Several posts in this e-discussion have expressed concern on the way poverty reduction is being addressed including the way poverty is measured.
In early 2012, outgoing World Bank President Robert Zoellick announced that the Millennium Development Goal of halving the global poverty rate relative to its 1990 level had been achieved in 2010 – five years ahead of schedule. But many analysts have challenged estimates that rely on the World Bank’s current poverty line, raised in 2008 from $1 to $1.25 per day, in purchasing power parity (PPP) terms.
While FAO is aware of the limitations of its hunger index
(see SOFI Technical Appendix), there appears to be less progress on this measure. As the poverty line is mainly defined in terms of what it takes to avoid being hungry, this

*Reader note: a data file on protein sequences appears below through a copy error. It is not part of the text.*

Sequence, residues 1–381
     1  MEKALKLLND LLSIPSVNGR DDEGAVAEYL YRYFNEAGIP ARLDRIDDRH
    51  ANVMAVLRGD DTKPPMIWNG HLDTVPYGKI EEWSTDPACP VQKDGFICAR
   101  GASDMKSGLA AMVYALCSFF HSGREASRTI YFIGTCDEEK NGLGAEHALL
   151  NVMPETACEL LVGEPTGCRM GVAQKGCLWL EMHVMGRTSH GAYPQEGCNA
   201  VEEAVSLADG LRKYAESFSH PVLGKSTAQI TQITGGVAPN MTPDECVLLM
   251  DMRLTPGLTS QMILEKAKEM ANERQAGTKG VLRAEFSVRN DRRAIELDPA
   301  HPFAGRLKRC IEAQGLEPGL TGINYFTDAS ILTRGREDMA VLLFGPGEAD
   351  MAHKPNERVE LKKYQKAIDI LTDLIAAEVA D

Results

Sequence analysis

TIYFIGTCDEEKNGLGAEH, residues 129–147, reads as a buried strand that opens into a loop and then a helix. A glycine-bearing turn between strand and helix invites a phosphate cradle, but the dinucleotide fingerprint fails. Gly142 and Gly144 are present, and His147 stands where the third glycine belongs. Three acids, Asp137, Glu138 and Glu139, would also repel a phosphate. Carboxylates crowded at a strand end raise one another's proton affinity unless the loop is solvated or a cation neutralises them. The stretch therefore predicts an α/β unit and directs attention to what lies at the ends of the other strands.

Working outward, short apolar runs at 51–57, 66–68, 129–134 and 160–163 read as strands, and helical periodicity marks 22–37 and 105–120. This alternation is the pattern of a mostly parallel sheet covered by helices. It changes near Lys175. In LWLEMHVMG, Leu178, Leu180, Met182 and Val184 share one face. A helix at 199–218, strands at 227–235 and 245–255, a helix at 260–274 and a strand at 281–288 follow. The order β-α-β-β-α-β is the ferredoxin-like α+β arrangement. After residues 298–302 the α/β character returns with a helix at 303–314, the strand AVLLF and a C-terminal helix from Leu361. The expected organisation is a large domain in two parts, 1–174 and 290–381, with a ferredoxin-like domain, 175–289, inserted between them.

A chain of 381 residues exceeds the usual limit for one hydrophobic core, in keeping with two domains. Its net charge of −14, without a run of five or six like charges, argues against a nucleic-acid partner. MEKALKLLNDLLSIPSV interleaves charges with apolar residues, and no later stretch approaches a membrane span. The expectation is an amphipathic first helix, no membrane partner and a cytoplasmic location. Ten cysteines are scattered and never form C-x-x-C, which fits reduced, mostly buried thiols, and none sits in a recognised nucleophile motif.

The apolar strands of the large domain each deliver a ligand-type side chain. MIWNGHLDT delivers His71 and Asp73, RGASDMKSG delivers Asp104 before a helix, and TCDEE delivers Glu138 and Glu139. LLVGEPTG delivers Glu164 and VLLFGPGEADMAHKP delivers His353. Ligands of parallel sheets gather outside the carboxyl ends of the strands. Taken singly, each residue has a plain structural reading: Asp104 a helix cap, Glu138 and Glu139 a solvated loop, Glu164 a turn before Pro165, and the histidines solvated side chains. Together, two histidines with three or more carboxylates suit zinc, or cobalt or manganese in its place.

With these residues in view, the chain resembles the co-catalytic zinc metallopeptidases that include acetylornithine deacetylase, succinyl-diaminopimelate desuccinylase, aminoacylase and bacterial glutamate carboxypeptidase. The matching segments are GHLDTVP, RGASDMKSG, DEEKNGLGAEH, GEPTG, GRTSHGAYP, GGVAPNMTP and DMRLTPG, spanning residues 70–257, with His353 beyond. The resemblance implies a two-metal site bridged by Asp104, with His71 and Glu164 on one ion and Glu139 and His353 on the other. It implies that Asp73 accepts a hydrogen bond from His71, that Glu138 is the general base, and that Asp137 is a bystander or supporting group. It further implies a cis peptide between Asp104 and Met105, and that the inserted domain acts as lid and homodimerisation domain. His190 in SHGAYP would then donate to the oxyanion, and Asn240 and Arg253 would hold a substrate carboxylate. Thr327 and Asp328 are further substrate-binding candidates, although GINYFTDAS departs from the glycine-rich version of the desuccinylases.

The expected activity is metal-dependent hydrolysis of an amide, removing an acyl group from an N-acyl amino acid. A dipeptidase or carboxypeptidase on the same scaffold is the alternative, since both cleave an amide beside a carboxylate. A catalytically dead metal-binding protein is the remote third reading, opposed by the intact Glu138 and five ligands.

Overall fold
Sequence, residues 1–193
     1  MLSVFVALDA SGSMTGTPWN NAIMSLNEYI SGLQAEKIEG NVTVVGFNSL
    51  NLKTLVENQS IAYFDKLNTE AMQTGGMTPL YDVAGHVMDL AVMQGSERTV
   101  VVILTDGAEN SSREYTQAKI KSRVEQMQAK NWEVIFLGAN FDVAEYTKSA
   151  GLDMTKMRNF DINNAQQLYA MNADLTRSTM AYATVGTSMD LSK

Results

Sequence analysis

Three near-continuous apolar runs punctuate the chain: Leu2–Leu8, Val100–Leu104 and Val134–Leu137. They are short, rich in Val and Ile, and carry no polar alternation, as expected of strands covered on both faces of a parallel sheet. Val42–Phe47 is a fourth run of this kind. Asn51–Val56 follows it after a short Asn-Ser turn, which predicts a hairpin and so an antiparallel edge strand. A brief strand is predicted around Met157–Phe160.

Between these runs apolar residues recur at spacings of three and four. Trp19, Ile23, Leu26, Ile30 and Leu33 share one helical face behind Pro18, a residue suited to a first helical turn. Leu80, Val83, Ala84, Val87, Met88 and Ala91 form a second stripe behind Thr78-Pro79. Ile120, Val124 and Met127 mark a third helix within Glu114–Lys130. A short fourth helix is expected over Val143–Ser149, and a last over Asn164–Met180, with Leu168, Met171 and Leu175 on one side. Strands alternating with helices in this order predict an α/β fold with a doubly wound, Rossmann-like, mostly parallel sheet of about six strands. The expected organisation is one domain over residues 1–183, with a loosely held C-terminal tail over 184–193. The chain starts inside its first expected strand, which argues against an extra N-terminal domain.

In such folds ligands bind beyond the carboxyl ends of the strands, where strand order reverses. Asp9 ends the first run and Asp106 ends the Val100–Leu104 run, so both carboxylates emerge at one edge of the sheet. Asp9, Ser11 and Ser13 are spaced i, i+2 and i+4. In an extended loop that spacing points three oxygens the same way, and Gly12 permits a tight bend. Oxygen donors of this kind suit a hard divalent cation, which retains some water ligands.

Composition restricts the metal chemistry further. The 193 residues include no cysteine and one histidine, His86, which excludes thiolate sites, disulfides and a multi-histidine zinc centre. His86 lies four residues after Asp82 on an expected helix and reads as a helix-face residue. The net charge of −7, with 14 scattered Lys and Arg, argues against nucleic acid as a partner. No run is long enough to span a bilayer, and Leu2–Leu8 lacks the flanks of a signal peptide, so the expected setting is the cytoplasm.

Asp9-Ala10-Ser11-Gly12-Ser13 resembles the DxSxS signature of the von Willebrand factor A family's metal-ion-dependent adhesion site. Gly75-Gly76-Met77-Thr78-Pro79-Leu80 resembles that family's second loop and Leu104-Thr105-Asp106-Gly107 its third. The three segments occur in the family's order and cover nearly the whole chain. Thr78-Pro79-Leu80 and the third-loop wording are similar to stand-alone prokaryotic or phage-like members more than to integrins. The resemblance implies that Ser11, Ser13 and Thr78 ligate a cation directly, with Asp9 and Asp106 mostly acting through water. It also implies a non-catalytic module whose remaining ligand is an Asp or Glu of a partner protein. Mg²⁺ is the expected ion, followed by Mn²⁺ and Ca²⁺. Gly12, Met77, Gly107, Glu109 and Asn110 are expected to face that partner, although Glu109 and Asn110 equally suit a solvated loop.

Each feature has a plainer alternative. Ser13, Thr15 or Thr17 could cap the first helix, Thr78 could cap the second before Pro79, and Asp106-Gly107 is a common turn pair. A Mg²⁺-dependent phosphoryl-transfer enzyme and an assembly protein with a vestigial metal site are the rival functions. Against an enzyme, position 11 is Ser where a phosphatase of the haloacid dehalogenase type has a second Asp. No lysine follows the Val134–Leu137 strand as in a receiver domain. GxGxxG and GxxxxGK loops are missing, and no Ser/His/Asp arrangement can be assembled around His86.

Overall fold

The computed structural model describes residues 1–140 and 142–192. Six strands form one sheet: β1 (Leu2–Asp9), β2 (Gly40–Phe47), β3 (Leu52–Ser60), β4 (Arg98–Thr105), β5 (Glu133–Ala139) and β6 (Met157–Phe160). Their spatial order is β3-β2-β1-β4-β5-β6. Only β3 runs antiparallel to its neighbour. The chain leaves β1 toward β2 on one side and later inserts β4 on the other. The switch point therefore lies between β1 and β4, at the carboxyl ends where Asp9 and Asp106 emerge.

raises troubling questions for monitoring and estimation of both hunger and poverty.
Critics argue that, for methodological reasons, the PPP-based poverty line misrepresents the prevalence of poverty worldwide. For example, the three rounds of the International Comparison Programthat have been conducted so far have each defined the poverty line differently. In fact, inflation in the United States suggests that the poverty
line should have been raised to $1.45 per day by 2005.
Improving global poverty estimates – the World Bank’s begin in 1981 – requires overcoming three major problems: insufficient survey data, flawed survey execution, and faulty PPP conversions. Unfortunately, the current approach has inadequately addressed these issues. An improved poverty indicator is urgently needed.
An edited version of a recent discussion may be of
Jomo Kwame Sundaram
Assistant Director General Economic and Social Development Department
Food and Agriculture Organization